Several researchers were quoted in an ABC News article as being quite skeptical about our timeline for molecular manufacturing. Our claim is that revolutionary capabilities will probably be developed, one way or another, by 2020 if not earlier. They said it would take at least several decades more than that.
So why am I so confident?
One reason is that I believe I've done more thinking about the system-level issues than the timeline skeptics. They have jobs and research projects--they probably have not had time to think in detail about how various capabilities can synergize and make a lot of requirements get easier in tandem.
Another reason is that a lot of the timeline skepticism comes from academia. Academic researchers have several reasons to expect things to take a long time. Perhaps the biggest is that they--at least the good ones--are on the cutting edge, where technologies do not yet synergize. They have to build tools to make tools to make tools, and they have to not just learn, but develop techniques almost every step of the way. Add to that the bureaucracy and grant-writing, and the desire to train new students on the job, and you have a recipe for delay.
Academics in today's funding environment often can't admit when they're working toward something really cool and speculative--they have to take it one tiny predictable step at a time, or they won't get funded. So it is often hard to move quickly toward exciting stuff. And finally, academics may have trouble collaborating (for a number of reasons, some good and some bad), so they may have to reinvent things that another group might have supplied more easily. If molecular manufacturing were going to come out of academia, I would indeed expect it to take 30-60 years.
DNA researcher Ned Seeman raised the point that "Most of the basic principles have not been demonstrated, much less in a 'desktop' context." This is true... depending on what you mean by "basic." For example, low-friction, low-wear, nanoscale linear, rotational, and 2-D sliding bearings have been demonstrated. They were not made by mechanosynthesis, but by manipulating and modifying existing molecules of buckytube and graphite. If mechanosynthesis will be able to make graphite and buckytubes in general-purpose shapes, then it should be able to make bearings. In fact, mechanosynthesis via scanning probe has been demonstrated--but not synthesis of diamond, yet.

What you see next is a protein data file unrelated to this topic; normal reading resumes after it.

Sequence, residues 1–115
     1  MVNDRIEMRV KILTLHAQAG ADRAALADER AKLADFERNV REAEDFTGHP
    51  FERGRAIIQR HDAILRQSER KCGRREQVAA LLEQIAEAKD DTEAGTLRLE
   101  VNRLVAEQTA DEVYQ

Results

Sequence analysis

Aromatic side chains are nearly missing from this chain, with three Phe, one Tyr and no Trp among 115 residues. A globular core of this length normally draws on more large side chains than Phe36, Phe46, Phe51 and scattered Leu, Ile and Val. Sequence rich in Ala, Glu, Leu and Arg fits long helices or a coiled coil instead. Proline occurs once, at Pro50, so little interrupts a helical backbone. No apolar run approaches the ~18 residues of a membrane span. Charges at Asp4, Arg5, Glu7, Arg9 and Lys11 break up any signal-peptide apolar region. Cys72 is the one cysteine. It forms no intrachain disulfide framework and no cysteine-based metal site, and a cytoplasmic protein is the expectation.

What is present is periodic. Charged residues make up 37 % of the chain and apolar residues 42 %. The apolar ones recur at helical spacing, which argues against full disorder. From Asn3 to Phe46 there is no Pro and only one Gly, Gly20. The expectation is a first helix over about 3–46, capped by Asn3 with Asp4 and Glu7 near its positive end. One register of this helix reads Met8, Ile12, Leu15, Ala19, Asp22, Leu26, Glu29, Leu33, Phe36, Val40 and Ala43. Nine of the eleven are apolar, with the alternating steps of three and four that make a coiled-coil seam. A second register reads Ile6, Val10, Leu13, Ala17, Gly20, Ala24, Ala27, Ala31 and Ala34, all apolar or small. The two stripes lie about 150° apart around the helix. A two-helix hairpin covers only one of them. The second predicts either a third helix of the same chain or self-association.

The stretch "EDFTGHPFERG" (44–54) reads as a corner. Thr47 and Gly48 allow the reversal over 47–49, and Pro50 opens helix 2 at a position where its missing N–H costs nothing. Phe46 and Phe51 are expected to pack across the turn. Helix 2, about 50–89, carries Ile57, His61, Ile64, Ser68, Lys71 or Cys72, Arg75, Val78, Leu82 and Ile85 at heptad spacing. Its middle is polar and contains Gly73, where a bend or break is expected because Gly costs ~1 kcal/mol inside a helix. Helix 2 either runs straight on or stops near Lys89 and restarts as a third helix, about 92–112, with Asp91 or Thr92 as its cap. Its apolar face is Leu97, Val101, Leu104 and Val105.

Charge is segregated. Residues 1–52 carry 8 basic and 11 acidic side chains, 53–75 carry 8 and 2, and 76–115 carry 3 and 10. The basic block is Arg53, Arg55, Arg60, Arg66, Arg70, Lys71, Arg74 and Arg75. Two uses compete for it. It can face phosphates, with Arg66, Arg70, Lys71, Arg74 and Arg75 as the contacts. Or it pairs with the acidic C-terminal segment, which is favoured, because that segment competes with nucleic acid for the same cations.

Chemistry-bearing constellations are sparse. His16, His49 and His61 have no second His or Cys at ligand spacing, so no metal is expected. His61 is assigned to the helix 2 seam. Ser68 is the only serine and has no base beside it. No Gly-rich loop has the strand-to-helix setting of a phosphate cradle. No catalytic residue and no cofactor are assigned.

So what will it take to pull together buckytube bearings (and what they imply about superlubricity in general), scanning probe chemistry (including reactions that haven't been invented yet), and the other dozen capabilities that will be needed for a nanofactory? I would argue that the biggest single factor is trying explicitly to work on a nanofactory--something which is currently impossible in academia, and unlikely in business as well. Where in academia do you see a team of 100 hand-picked researchers in a dozen different disciplines, all working toward the same goal, all expected to cooperate, and all well-funded with no paperwork? In business, you can get most of those conditions, but it's hard to get the dozen different disciplines in a single company.
Let's not forget that breakthroughs happen. Go back in time just a few years--say, to 2002--and ask any DNA researcher: Would you believe that within five years, there will be a breakthrough that will enable a single novice person, using skills and supplies obtained over the Internet on a hobbyist's budget, to design and make an engineered DNA shape with 10,000 bases in less than a month? I doubt that a single researcher in the world would have thought that was likely. But it has happened.
I can't predict what breakthroughs will happen in the next ten years. Perhaps floppy DNA scaffolds will turn out to be useful for holding buckytubes in a 3D arrangement that can be welded together (and the DNA dissolved simultaneously) with a blast from an electron microscope. Perhaps someone will discover a polymer with many of the properties of protein, but it works just fine in vacuum. Perhaps Zyvex is about to come out with a breakthrough MEMS-based scanning-probe device that will allow high-throughput mechanosynthesis experiments. None of these is likely--but it is likely that there will be one or two dozen equally useful breakthroughs by 2015.
Perhaps my position can best be summarized thus: If, for some reason, a nanofactory project has not started by 2015, but enabling technologies contine to develop and paradigms continue to shift at their current rate, then I would not expect myself to be worried in 2015 that a nanofactory will be unlikely by 2020.